A vision becomes reality: decarbonization of steel production 2 minutes spent reading
Innovation

A vision becomes reality: decarbonization of steel production

Michael Leithinger

voestalpine is taking a major step towards the decarbonization of its steel production with the start of H2FUTURE.

In 2015 the United Nations’ Paris Agreement set the world ambitious goals: by 2050 CO2 emissions should be reduced by 80% to 95%, creating an almost completely CO2-free economy. These goals accord with the European Union’s own 2050 vision, which has also set out ambitious energy and climate goals to 2030. These ambitions face the power generation and energy-intensive industries, above all, with huge challenges.

A tradition of CO2 reduction

The steel industry is one of the world’s most energy-intensive industries, making it one of the largest purely process-related emitters of CO2. Its global share of CO2 emissions lies at around 7%, or a third of industrial emissions.

However, the industry has long been intensively researching into decarbonization technologies. For example, together with other steel producers in the ULCOS project, voestalpine has been researching into capturing carbon dioxide from the production process and storing it in underground deposits. However, implementation of actual Carbon Capture Storage (CCS) projects is politically not universally feasible–it has failed to achieve public acceptance and is obstructed by differences in national regulations.

Consequently, voestalpine, like other EU steel producers, has adopted the policy of Carbon Direct Avoidance (CDA), i.e. long-term options for applying new technologies which prevent CO2 emissions from being created in the first place. Here the focus lies on the application and use of hydrogen in order to gradually replace coal and coke.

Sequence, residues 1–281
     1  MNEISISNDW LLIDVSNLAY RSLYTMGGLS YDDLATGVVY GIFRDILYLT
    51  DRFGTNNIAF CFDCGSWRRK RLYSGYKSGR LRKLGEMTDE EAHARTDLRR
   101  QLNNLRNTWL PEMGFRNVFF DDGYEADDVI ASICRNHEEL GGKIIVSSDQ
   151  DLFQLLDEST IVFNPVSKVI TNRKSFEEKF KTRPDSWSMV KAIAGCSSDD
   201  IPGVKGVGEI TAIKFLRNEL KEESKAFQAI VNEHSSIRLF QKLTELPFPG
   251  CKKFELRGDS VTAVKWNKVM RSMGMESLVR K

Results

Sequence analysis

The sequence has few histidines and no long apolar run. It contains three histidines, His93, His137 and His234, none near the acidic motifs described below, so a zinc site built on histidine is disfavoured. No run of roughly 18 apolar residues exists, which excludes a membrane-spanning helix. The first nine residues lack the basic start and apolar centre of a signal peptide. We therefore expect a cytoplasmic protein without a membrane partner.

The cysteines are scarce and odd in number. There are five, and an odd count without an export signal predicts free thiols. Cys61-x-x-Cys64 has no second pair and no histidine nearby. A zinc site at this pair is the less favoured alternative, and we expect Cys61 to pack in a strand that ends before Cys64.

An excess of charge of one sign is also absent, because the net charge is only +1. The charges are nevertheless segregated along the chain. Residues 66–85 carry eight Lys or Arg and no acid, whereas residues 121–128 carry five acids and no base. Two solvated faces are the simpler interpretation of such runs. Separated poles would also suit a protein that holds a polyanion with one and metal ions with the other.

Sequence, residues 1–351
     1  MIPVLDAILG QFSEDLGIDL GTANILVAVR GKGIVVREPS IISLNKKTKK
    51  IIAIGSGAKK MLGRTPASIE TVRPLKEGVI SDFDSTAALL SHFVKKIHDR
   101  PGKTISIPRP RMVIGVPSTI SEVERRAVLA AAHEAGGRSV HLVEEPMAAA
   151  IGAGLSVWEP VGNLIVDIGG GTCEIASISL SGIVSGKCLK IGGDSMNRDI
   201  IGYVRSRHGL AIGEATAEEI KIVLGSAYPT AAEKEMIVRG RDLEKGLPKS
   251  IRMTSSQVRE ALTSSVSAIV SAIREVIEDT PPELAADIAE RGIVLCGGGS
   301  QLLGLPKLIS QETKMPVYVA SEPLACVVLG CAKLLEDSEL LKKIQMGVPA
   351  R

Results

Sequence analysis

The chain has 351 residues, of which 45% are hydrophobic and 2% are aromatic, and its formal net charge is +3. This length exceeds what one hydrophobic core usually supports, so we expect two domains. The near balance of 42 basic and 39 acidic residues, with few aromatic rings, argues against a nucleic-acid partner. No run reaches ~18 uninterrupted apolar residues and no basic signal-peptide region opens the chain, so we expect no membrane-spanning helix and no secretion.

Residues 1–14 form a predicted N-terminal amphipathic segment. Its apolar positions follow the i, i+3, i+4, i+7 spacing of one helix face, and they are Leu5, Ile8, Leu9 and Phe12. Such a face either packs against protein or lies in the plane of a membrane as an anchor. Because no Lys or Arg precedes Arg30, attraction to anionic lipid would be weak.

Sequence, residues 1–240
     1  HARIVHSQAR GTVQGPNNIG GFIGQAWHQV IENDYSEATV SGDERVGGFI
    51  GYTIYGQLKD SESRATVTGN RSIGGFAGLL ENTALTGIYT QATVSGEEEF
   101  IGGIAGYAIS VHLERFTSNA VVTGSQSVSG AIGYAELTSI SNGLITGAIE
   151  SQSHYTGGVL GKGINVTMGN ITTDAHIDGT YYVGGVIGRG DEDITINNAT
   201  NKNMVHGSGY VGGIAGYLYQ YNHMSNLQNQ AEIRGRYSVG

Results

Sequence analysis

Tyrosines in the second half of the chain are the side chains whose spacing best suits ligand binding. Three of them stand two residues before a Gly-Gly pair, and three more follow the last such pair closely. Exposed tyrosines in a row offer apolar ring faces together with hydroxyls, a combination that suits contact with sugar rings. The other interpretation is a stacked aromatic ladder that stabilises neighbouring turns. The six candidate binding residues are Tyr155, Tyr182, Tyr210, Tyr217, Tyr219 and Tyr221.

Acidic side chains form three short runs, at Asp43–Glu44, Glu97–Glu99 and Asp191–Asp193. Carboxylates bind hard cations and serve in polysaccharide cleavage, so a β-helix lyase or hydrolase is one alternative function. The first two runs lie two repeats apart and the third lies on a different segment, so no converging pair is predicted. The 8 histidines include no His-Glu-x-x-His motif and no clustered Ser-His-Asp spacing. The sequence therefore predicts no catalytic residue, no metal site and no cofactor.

Breakthrough technologies are required

For decades voestalpine has been regarded as the environmental and efficiency benchmark for the industry. By consistently optimizing its processes and plants, the Group has also reduced its own specific CO2 emissions (i.e. as measured by the quantity of crude steel produced) to almost the lowest level technically possible–by almost a quarter over the past three decades. In the global worldsteel ranking, voestalpine with its plant in Linz comes in third place in terms of global CO2 balance.

However, the potential for further substantial savings in the traditional blast furnace LD route has been almost completely exploited. The major steps needed to achieve the climate goals will only be possible in future by using “breakthrough technologies”, such as hydrogen-based processes. In addition to the metallurgical challenges involved in research, development and upscaling to an industrial scale, the primary concern is where to source “green hydrogen”, i.e. hydrogen produced via electrolysis powered by electricity generated from renewables.

This is the question being addressed by the H2FUTURE project, as well as the potential offered by green hydrogen for the long-term development of breakthrough technologies such as hydrogen plasma smelting reduction which is currently the subject of research at Donawitz.

"voestalpine is consistently striving to gradually decarbonize steel production, to move away from coal via bridging technologies over the long term, primarily those based on natural gas, and towards the potential use of CO2-neutral hydrogen, even though this pathway will be a very long and complicated one, probably taking us up to around 2035."
Wolfgang Eder